Let’s break the team down:
I mentioned that Thailand flew in a head coach earlier, so yes, that means that he’s foreign. Tim Lewis is a coach of British Nationality who has had experience coaching in the various places such as Japan and Germany. However, he’ll probably be most known for his gig as an lead assistant coach with the Raptors 905 team (NBA Team Toronto Raptors D-League affiliate).
Coach Tim was the head coach of the U20 Great Britain National Team and and assistant to the Senior Team, which is why he crossed paths with Coach Tony Garbelotto of Vietnam (and the Saigon Heat) somewhere along the way. Their connections led from one thing to another and next thing you know, Tim Lewis was in Thailand.
I was fortunate enough to get a chat with Coach Tim before the tryouts during his briefing with the assistant coaches. At various points in the briefing, I remember bits and pieces of him quoting great coaching minds like Brad Stevens. Coach Tim seems like a laid back guy, but I feel that has a lot to do with how prepared he is. The more prepared you are, the less you have to get concerned over.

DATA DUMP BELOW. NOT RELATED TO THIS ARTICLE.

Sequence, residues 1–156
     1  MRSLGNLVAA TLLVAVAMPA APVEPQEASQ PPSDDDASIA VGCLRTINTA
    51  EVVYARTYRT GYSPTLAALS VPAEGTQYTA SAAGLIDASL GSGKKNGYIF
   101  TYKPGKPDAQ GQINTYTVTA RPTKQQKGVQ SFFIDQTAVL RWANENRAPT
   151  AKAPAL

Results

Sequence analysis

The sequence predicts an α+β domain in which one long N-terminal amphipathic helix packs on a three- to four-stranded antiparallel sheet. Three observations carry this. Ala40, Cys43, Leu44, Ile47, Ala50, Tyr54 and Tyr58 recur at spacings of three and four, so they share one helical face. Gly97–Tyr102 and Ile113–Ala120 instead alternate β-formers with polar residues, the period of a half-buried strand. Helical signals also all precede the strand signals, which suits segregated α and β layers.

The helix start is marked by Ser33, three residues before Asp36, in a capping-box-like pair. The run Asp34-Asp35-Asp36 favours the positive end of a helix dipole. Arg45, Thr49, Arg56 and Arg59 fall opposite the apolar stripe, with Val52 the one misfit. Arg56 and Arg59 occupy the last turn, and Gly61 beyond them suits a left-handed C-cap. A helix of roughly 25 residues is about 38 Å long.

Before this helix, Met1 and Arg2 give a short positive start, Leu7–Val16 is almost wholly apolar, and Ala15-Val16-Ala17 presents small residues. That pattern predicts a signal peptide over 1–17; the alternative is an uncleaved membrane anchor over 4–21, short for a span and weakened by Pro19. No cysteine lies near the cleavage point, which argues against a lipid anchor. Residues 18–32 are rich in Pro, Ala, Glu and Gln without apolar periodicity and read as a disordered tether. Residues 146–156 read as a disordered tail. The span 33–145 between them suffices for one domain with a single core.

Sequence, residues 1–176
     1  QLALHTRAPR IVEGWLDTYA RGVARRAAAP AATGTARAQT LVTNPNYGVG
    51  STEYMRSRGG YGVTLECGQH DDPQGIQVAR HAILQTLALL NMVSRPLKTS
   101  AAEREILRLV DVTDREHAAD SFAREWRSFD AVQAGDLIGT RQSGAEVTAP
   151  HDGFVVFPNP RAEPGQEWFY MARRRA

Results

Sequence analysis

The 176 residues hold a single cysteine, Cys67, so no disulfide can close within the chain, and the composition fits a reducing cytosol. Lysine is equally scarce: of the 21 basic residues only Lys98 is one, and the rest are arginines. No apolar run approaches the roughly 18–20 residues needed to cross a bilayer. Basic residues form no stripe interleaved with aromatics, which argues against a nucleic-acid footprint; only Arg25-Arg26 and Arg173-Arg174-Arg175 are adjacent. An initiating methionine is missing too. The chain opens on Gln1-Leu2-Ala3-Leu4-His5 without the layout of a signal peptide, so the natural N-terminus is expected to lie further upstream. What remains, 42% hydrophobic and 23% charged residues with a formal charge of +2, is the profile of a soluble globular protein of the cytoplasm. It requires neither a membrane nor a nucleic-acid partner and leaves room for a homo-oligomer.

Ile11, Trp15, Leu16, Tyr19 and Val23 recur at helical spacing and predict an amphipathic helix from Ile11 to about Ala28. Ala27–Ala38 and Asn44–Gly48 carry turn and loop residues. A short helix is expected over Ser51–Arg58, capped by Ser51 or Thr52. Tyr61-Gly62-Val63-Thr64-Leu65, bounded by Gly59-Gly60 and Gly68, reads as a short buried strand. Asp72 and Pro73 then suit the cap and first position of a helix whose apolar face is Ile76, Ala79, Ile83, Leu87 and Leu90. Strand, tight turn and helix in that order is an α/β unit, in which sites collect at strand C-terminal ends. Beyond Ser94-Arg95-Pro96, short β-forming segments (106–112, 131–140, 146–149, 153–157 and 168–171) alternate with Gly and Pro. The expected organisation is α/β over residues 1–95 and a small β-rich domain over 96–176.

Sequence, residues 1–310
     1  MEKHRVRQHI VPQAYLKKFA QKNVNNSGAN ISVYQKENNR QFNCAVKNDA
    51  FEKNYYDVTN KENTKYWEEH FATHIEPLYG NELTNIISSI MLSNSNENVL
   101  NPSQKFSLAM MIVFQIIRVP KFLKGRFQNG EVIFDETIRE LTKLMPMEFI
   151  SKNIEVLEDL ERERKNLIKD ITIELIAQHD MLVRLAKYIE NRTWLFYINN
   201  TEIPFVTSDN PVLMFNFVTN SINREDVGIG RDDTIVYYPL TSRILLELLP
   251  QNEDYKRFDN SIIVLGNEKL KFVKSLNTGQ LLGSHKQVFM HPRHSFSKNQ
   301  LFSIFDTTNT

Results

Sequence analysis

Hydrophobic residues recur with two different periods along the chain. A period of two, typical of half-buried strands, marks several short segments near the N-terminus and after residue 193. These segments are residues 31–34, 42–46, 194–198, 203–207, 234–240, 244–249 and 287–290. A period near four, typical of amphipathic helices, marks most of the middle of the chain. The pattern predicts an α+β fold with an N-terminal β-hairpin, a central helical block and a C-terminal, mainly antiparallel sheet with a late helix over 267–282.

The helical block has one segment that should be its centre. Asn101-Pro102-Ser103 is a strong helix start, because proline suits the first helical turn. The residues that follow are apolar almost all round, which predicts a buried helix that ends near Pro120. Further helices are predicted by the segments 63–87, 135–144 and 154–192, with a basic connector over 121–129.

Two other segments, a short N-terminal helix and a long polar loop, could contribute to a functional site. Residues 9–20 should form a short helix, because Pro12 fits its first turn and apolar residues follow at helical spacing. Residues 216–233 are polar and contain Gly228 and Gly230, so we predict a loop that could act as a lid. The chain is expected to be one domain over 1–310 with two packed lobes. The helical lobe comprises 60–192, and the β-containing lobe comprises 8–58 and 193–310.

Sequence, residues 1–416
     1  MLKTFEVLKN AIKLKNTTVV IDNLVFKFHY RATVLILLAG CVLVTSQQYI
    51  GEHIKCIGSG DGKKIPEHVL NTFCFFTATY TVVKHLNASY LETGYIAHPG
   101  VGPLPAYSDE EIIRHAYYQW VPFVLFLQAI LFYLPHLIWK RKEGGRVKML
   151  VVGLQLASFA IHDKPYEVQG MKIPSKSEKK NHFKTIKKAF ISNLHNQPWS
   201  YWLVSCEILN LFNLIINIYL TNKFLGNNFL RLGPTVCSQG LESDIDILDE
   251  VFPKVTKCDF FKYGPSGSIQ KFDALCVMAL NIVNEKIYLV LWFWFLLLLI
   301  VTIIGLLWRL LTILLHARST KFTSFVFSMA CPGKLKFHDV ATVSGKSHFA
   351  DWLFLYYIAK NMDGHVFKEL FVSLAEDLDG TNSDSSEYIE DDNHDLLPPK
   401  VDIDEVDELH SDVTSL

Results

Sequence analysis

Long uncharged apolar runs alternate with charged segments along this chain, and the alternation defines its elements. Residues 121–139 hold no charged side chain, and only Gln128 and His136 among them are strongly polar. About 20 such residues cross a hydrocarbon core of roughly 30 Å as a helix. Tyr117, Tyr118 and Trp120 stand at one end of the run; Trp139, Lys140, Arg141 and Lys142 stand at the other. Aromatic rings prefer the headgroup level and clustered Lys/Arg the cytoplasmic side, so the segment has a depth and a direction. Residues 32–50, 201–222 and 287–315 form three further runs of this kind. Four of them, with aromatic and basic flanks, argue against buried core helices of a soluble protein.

This will be the first time since Felton Sealy that Thailand has had a foreign National Coach to lead the team. There doesn’t seem to be much of a problem about communication between him and the players/coaches/staff now, but we’ll see how things play out in his debut tournament.
Let’s slowly break this down:
I like the mix of veterans and youth here. You have seasoned guys like Lertmalaiporn, C. Klahan, and Apiromwilaichai who should be the leaders of this team. However, Thailand will have a neat number of younger players like P. Klahan and Chantachon. The main strength of this squad will be the players in their peaks. Obviously Samerjai will be the lead star of the team and Coach Tim has gushed time and again about how impressive he’s been, but look for Ananti and Jaisanook step up as well.
It’s a bit concerning when you break it down by position however. Thailand has a slew of talented wing players to work with, but they are looking pretty shallow in the lead guard and center positions.
There are two true inside players on this team, “Dave” Sukdave Ghogar and “Big” Teerawat Chantachon.